I REMEMBER: POEMS AND PICTURES OF HERITAGE, edited by Lee Bennett Hopkins (Lee & Low, 2019).
“Diverse poets are paired with images by celebrated illustrators from similar backgrounds to pay homage to what is both unique and universal about growing up in the United States.”
Featuring: Amazing Auntie Ann by Cynthia Leitich Smith.
Kirkus Reviews (starred): “…a collection of poems and illustrations sourced from a diverse pool of creators.Each double-page spread or multipage sequence captures a childhood memory, an artist paired with a poet welcoming readers into an expansive space of youth and memory.”
Publishers Weekly (starred): “The corresponding artwork demonstrates a wonderful range of visual language and technique; there is truly something for everyone in these pages.”
THANKU: POEMS OF GRATITUDE, edited by Miranda Paul, illustrated by Marlena Myles (Millbrook, 2019).
A fully illustrated, concept picture book celebrating gratitude and featuring numerous children’s poets. 100% of author royalties are being donated to We Need Diverse Books.
Featuring: “Stories for Dinner” by Cynthia Leitich Smith.
Kirkus Reviews: “The poets not only select a wide array of objects inspiring gratitude…but employ incredibly varied lyric forms…. Lovely lyric lessons in appreciating the ordinary.”
Booklist: “Myles’ full-color digital illustrations exhibit variety as well, and she is equally adept at creating panoramic vistas, playground close-ups, and inventive collages.”
Publishers Weekly: “…contributor bios, easy-to-digest descriptions of poetic and literary devices used throughout, and a letter from Paul about ‘the myths and half-truths’ about Thanksgiving, and related misrepresentations of Native and First Nations people…a thoughtful resource for poetry students and teachers.”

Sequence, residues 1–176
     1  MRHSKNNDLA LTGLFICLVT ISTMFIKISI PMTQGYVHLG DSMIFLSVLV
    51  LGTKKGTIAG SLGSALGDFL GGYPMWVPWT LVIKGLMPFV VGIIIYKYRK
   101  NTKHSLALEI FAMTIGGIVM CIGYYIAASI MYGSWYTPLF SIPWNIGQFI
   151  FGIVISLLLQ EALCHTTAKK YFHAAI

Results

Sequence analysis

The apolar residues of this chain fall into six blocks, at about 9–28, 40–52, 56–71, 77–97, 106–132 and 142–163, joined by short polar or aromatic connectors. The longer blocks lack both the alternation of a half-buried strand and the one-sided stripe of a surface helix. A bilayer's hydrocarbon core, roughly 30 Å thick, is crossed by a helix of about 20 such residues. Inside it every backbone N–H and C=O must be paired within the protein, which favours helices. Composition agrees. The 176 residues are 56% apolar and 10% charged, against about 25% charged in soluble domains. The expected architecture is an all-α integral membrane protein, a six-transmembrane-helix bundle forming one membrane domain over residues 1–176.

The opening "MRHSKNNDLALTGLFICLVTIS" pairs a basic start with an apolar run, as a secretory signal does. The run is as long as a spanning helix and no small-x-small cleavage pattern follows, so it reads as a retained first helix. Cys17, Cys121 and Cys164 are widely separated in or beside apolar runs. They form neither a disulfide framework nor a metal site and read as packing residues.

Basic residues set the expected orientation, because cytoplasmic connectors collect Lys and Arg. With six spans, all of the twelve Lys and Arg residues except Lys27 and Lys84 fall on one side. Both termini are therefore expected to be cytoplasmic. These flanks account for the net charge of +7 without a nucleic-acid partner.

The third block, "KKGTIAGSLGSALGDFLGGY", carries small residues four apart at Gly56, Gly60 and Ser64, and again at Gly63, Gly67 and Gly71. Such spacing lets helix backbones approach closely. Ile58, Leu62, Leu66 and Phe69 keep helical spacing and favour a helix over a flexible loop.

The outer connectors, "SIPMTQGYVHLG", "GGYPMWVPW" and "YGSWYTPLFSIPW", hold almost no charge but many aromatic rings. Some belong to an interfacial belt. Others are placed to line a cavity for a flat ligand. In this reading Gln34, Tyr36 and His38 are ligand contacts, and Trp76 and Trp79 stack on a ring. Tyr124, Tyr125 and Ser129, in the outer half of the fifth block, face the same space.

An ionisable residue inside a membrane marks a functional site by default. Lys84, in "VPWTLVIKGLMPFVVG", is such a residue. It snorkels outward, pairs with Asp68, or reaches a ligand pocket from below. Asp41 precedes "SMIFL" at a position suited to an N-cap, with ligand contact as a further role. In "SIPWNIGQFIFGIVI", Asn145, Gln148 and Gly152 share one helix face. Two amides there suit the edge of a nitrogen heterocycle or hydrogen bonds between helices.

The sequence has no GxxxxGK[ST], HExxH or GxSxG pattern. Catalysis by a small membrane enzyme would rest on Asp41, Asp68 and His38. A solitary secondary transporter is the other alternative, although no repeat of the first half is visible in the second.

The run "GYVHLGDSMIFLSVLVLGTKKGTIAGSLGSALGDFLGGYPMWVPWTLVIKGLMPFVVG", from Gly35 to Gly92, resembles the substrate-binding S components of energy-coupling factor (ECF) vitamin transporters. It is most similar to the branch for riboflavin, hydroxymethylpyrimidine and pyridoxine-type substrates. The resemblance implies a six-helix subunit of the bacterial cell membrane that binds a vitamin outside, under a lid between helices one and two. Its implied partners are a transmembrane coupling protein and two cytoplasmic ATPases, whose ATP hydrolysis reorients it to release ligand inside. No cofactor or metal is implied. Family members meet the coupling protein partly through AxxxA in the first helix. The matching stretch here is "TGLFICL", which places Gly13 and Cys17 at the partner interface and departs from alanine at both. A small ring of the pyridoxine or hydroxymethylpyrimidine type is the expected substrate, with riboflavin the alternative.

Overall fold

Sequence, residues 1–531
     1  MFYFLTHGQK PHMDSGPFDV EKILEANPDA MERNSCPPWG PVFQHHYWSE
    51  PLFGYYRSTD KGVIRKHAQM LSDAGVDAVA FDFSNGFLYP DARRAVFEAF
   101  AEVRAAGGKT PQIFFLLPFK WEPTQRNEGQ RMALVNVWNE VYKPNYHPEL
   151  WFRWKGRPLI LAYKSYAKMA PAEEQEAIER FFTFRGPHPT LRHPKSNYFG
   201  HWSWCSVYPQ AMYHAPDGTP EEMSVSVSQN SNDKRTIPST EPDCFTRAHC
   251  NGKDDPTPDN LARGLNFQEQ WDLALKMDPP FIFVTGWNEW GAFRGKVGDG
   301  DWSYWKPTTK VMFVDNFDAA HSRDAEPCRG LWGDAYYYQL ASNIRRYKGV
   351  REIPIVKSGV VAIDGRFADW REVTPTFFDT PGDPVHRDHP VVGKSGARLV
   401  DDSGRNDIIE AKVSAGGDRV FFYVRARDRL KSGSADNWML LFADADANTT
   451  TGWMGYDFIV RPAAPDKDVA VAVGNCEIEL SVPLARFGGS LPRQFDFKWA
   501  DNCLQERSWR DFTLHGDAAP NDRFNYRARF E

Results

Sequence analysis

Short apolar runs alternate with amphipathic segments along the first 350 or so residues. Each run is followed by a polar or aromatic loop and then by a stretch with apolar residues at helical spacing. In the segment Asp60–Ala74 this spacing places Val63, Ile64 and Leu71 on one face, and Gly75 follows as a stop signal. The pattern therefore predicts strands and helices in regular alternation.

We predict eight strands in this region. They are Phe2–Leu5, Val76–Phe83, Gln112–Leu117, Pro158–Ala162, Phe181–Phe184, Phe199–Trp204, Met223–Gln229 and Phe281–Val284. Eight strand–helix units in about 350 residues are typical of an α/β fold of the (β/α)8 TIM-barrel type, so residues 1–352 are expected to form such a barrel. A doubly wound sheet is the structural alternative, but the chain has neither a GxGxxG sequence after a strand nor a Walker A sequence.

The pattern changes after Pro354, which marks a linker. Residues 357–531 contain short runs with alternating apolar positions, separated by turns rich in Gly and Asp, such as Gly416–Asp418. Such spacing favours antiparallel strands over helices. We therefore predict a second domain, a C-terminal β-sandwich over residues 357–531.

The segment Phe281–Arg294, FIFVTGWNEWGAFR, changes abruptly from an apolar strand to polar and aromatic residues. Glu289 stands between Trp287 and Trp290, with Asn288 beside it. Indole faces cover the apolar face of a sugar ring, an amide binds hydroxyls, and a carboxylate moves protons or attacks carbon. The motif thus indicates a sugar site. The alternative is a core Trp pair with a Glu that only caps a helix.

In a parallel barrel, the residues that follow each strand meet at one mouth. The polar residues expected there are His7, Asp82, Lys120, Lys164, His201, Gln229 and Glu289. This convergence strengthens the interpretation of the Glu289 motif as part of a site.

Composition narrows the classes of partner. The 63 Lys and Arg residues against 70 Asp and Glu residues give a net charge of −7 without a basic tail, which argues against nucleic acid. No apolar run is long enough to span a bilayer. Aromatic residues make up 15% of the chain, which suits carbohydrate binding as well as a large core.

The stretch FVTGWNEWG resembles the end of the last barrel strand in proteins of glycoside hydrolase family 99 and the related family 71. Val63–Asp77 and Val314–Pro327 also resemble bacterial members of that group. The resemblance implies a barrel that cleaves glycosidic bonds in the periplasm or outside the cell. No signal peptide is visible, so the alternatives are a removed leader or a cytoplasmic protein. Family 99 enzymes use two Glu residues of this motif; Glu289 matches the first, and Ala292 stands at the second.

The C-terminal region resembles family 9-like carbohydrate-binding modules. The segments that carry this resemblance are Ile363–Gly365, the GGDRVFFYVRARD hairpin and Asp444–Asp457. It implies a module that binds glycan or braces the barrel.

THE HERO NEXT DOOR, edited by Olugbemisola Rhuday-Perkovich (Random House, 2019).
An anthology about everyday kid heroes (without superpowers) who make the world a better place.
Featuring: “Girl’s Best Friend” by Cynthia Leitich Smith.
Kirkus Reviews (starred): “A stellar collection that, in celebrating heroes, helps readers find the universal in the specific.”
Bulletin of the Center of Children’s Books (starred): “…collection of thirteen impressively varied short stories highlights diversity both in the identities of its young protagonists as well as in its eclectic storytelling forms. …a consistently solid anthology that introduces and then celebrates the efficacy of short fiction as much as it does diverse voices.”
School Library Journal: “Heroes with superhuman powers wear capes and save the world from destruction. That’s not the kind of hero this book focuses on…. A great anthology with a message of spreading kindness and hope.”
The Washington Post: “This warmhearted middle-grade collection celebrates not the ‘larger-than-life icons’ but ‘the risk-takers, the friend-makers, the dreamers and doers’ whose caring and courage help create a kinder world. . . . As with the two previous anthologies from We Need Diverse Books, this collection admirably succeeds in making available to all readers a wider and more representative range of American voices and protagonists.”
THE HERO NEXT DOOR is featured in NEA’s 2018-2019 #ReadAcrossAmerica calendar.